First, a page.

Competition: US & Canada
Shaun O’Boyle studied architecture at Parsons School of Design and has worked both as a photographer and in the architecture/design field for the past 30 years. Formative experiences include working with his father who was a master carpenter; and at a shipbuilding yard on the Mississippi River between high school and college. He has traveled and photographed on all seven continents and has shown work in galleries and museums in Boston and the Berkshires in MA. His work has appeared in various publications and books including Smithsonian Magazine, Lenswork, Next City and Exit. His book Modern Ruins, Portraits of Place in the Mid-Atlantic Region was published in 2009 by Penn State University Press, and he has designed and self-published eight books of his photographs.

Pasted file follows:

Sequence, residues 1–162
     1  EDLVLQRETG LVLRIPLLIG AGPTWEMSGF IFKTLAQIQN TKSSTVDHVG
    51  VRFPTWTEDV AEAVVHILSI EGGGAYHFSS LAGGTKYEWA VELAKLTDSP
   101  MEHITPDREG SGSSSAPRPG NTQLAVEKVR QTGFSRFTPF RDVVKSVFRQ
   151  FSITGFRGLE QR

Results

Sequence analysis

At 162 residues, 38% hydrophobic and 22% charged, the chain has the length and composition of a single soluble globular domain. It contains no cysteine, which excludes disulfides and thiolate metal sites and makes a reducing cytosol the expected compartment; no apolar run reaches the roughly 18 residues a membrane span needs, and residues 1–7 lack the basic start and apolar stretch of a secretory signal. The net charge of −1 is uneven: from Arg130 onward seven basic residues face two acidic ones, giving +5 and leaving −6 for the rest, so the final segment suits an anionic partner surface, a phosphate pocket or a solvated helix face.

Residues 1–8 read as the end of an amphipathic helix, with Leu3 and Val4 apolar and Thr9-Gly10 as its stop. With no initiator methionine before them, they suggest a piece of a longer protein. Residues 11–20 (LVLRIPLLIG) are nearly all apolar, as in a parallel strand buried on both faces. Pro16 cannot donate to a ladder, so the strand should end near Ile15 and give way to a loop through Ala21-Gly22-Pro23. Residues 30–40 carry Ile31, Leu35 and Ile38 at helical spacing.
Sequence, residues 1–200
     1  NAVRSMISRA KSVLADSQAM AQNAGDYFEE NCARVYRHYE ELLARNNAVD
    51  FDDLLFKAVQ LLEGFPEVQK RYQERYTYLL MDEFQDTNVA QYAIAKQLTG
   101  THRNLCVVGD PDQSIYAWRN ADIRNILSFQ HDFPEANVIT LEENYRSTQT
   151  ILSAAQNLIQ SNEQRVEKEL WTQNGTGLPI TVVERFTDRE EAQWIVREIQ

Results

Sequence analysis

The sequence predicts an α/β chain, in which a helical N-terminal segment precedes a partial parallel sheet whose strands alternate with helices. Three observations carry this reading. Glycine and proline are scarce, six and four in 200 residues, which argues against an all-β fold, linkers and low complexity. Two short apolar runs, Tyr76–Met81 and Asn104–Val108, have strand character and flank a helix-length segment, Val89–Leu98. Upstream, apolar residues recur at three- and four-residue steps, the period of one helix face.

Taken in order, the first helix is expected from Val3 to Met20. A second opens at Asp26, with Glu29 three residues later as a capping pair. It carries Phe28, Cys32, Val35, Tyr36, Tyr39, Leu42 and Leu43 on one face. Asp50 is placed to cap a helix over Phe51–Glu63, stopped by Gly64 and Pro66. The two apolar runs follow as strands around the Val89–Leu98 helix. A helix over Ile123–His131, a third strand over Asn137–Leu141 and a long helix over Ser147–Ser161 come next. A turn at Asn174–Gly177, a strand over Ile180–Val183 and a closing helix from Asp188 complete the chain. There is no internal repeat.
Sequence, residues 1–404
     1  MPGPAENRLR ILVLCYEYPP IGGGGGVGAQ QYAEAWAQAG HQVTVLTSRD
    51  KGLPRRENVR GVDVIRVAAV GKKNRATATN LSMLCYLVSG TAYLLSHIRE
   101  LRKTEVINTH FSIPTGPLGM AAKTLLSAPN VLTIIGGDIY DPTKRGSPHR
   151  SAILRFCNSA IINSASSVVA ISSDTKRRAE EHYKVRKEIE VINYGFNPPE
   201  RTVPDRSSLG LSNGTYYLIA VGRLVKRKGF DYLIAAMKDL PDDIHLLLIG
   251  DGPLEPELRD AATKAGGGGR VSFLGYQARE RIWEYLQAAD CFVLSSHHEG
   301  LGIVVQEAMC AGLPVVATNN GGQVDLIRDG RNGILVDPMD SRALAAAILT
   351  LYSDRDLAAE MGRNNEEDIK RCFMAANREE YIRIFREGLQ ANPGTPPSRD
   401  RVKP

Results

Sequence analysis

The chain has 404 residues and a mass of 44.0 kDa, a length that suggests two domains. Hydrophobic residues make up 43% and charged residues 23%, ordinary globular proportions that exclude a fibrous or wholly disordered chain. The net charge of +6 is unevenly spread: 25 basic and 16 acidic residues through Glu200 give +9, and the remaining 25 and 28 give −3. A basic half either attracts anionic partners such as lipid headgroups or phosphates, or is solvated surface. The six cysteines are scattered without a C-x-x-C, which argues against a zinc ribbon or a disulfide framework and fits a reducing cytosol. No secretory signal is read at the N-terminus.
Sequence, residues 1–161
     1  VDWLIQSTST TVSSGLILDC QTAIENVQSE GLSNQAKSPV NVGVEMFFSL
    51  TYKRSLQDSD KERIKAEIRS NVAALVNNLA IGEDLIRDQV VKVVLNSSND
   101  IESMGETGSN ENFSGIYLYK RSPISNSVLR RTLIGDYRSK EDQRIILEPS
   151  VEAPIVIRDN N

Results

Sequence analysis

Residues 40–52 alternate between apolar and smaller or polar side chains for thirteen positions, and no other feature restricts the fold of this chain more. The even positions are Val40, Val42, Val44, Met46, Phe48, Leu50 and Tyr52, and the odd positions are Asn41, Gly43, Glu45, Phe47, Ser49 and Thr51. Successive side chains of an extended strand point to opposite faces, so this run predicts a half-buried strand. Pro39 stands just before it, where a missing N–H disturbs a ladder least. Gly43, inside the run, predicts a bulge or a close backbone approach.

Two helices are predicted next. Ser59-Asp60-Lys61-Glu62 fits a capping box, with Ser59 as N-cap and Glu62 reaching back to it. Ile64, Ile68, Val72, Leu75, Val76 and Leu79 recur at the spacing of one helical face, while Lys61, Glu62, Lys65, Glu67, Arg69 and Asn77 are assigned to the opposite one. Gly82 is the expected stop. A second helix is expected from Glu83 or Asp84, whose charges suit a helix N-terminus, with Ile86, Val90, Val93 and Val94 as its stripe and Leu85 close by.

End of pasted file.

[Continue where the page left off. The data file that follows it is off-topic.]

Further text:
Photographing regions where human culture and history have shaped a unique architecture, infrastructure and landscape is a driving force behind this work. The capacity of architecture and the landscape to engage history and narrative is central to the work. In 2015 and again in 2017 Shaun participated in the National Science Foundation’s Antarctic Artists and Writers program where he photographed the built environment of Antarctica, concentrating on how architecture has shaped place on the vast landscapes of Antarctica. It is a study of architecture as shelter and scientific instrument, as container of memory on a continent almost devoid of human history.
Work on this project will continue with the NSF in the Palmer Station region of Antarctica, and, through the Guggenheim Fellowship, in regions of the Arctic including Svalbard, Iceland, and Canada. The Berkshire Museum in Pittsfield, MA, and the Peary-MacMillan Arctic Museum are exhibiting this work.
Photograph: Shaun O’Boyle, Cape Crozier, Antarctica, 2015